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Frequently Asked Questions
You should not use ethacrynic acid if you are unable to urinate, or if you have recently had severe watery diarrhea.
Ethacrynic acid is a loop diuretic (water pill) that prevents your body from absorbing too much salt, allowing the salt to instead be passed in your urine.
Ethacrynic acid is used to treat fluid retention (edema) in people with congestive heart failure, liver disease, or a kidney disorder such as nephrotic syndrome.
Ethacrynic acid may also be used for purposes not listed in this medication guide.
You should not use ethacrynic acid if you are allergic to it, or if:
- you are unable to urinate; or
- you have recently had severe watery diarrhea.
To make sure ethacrynic acid is safe for you, tell your doctor if you have:
- cirrhosis or other liver disease;
- heart disease;
- an electrolyte imbalance (such as low levels of potassium or magnesium in your blood);
- kidney disease;
- gout; or
- if you are on a low-salt diet.
Ethacrynic acid is not expected to be harmful to an unborn baby. Tell your doctor if you are pregnant or plan to become pregnant while using this medicine.
It is not known whether ethacrynic acid passes into breast milk or if it could harm a nursing baby. You should not breast-feed while using this medicine.
Ethacrynic acid is not approved for use by anyone younger than 18 years old.
Follow all directions on your prescription label. Your doctor may occasionally change your dose to make sure you get the best results. Do not use this medicine in larger or smaller amounts or for longer than recommended.
Take this medicine after a meal, unless your doctor tells you otherwise.
Ethacrynic acid will make you urinate more often and you may get dehydrated easily. Follow your doctor's instructions about using potassium supplements or getting enough salt and potassium in your diet.
While using ethacrynic acid, you may need frequent blood tests and weight checks.
Store at room temperature away from moisture and heat. Keep the bottle tightly closed when not in use.
Take the missed dose as soon as you remember. Skip the missed dose if it is almost time for your next scheduled dose. Do not take extra medicine to make up the missed dose.
Seek emergency medical attention or call the Poison Help line at 1-800-222-1222.
Overdose symptoms may include dry mouth, increased thirst, mood changes, confusion, ringing in your ears, loss of appetite, vomiting, muscle pain or weakness, lack of energy, fast heartbeats, and little or no urination.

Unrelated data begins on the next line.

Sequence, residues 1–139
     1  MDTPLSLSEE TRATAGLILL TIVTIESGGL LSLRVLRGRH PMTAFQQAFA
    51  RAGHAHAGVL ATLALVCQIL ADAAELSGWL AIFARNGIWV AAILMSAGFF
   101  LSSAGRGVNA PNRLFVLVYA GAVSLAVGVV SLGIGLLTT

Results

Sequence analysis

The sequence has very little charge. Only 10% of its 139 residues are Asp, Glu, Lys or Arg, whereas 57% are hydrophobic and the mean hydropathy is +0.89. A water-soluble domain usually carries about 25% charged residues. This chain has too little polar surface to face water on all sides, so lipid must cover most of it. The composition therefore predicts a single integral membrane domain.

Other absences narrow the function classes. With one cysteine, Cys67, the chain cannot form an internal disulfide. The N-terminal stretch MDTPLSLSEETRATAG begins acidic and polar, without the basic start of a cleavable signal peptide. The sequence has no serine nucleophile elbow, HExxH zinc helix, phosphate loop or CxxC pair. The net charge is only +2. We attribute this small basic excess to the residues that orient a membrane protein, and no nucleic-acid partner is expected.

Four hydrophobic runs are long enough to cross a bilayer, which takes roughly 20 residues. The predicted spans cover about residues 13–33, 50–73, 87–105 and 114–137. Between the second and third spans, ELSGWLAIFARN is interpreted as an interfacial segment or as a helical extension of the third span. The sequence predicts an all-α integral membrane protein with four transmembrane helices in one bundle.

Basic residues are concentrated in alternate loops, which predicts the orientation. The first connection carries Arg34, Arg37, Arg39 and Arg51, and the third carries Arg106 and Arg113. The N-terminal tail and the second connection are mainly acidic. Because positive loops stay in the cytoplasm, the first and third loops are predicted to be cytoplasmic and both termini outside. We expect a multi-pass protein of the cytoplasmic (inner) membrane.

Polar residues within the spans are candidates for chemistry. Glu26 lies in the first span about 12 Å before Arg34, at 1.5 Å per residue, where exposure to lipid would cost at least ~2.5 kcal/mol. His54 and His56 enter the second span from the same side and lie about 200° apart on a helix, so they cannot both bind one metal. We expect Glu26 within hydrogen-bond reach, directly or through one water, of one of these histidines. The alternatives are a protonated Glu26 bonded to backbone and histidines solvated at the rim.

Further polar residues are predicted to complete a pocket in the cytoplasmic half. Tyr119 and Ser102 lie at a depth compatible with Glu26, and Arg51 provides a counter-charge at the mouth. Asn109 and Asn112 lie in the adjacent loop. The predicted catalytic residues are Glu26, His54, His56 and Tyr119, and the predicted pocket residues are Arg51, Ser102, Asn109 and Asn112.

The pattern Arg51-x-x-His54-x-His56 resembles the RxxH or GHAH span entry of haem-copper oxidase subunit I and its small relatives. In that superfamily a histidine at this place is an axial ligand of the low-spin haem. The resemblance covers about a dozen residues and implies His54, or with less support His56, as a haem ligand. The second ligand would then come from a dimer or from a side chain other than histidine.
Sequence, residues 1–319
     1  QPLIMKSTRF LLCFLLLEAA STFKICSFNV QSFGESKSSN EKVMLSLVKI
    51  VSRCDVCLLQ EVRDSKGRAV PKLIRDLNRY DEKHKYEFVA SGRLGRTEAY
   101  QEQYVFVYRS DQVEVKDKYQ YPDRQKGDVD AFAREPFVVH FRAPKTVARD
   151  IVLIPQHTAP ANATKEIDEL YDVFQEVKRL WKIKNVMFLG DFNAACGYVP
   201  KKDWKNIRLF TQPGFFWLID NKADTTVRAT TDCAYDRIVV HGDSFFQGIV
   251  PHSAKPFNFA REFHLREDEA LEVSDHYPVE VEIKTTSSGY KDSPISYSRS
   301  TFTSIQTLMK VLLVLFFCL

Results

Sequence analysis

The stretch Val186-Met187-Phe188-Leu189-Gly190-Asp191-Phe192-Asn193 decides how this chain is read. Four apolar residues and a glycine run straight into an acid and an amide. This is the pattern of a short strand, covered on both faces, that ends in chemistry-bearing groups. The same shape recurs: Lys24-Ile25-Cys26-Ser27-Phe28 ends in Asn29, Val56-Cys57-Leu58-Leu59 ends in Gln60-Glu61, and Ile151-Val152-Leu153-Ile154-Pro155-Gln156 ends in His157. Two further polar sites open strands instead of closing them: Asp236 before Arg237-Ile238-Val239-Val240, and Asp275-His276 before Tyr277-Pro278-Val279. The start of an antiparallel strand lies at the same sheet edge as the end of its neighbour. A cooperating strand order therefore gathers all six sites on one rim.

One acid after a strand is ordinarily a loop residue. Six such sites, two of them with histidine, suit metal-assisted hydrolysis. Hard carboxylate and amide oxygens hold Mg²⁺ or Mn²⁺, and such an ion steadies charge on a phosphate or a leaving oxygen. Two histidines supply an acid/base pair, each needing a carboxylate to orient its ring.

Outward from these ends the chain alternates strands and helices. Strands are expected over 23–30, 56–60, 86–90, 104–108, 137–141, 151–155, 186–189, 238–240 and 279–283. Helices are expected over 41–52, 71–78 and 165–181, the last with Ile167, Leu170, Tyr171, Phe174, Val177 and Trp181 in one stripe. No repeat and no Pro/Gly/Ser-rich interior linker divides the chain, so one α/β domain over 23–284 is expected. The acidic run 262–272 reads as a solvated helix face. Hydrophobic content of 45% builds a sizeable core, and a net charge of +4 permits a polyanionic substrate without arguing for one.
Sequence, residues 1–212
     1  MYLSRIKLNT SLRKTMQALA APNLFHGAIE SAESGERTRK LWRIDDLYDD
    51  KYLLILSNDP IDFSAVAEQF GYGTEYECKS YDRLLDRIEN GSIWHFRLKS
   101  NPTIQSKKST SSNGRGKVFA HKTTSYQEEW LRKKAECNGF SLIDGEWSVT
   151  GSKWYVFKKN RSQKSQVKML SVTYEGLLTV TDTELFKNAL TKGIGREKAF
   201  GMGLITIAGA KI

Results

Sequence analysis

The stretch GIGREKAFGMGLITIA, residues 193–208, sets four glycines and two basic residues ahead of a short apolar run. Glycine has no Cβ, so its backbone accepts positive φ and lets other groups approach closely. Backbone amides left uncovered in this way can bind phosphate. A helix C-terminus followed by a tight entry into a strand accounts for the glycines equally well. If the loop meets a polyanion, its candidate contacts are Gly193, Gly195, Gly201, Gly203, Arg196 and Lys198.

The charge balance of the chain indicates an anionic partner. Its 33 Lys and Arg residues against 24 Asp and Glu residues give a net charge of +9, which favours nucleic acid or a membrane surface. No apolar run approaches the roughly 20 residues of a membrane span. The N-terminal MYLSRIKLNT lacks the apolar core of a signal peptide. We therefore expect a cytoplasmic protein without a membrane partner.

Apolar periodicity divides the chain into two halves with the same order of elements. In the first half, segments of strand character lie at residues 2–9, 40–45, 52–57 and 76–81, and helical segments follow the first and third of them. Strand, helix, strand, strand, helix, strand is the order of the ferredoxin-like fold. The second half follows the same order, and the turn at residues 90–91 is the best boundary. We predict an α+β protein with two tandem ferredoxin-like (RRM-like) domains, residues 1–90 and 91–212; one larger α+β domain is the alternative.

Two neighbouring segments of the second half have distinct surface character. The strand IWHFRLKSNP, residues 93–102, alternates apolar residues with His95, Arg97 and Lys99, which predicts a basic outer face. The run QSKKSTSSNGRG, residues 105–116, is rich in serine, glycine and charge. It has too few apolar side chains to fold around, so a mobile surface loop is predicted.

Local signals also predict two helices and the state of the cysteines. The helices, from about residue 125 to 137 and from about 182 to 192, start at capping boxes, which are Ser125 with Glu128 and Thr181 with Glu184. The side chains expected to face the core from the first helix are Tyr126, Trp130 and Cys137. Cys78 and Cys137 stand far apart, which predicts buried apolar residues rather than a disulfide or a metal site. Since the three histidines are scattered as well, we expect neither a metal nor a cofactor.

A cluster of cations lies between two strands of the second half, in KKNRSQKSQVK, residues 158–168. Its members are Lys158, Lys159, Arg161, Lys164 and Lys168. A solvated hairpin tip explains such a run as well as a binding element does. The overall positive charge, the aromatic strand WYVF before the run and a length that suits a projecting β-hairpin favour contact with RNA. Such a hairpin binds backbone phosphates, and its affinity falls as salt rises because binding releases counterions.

Avoid becoming dehydrated. Follow your doctor's instructions about the type and amount of liquids you should drink while you are taking ethacrynic acid.
Get emergency medical help if you have signs of an allergic reaction: hives; difficult breathing; swelling of your face, lips, tongue, or throat.
Call your doctor at once if you have:
- weight loss;
- severe or watery diarrhea;
- hearing problems, feeling of fullness in your ear;
- severe weakness, muscle cramps, numbness or tingling;
- a light-headed feeling, like you might pass out;
- sudden numbness or weakness, problems with speech or balance, chest pain, coughing up blood;
- low potassium--leg cramps, constipation, irregular heartbeats, fluttering in your chest, increased thirst or urination, numbness or tingling, muscle weakness or limp feeling; or
- low sodium--headache, confusion, slurred speech, severe weakness, vomiting, loss of coordination, feeling unsteady.
Common side effects may include:
- nausea, vomiting, diarrhea, or other stomach discomfort;
- trouble swallowing;
- loss of appetite;
- blurred vision;
- fever, chills; or
- headache, feeling tired.
This is not a complete list of side effects and others may occur. Call your doctor for medical advice about side effects. You may report side effects to FDA at 1-800-FDA-1088.
Tell your doctor about all your current medicines and any you start or stop using, especially:
- digoxin, digitalis;
- blood pressure medications;
- an antibiotic (including those given through an IV);
- a blood thinner--warfarin, Coumadin, Jantoven;
- NSAIDs (nonsteroidal anti-inflammatory drugs)--aspirin, ibuprofen (Advil, Motrin), naproxen (Aleve), celecoxib, diclofenac, indomethacin, meloxicam, and others; or
- steroid medicine--prednisone, dexamethasone, and others.
This list is not complete. Other drugs may interact with ethacrynic acid, including prescription and over-the-counter medicines, vitamins, and herbal products. Not all possible interactions are listed in this medication guide.
Your pharmacist can provide more information about ethacrynic acid.
|Brand Name Examples||Supplied As||Strength|
|Generic Examples||Supplied As||Strength|
|Ethacrynic Acid||tablet||25 mg|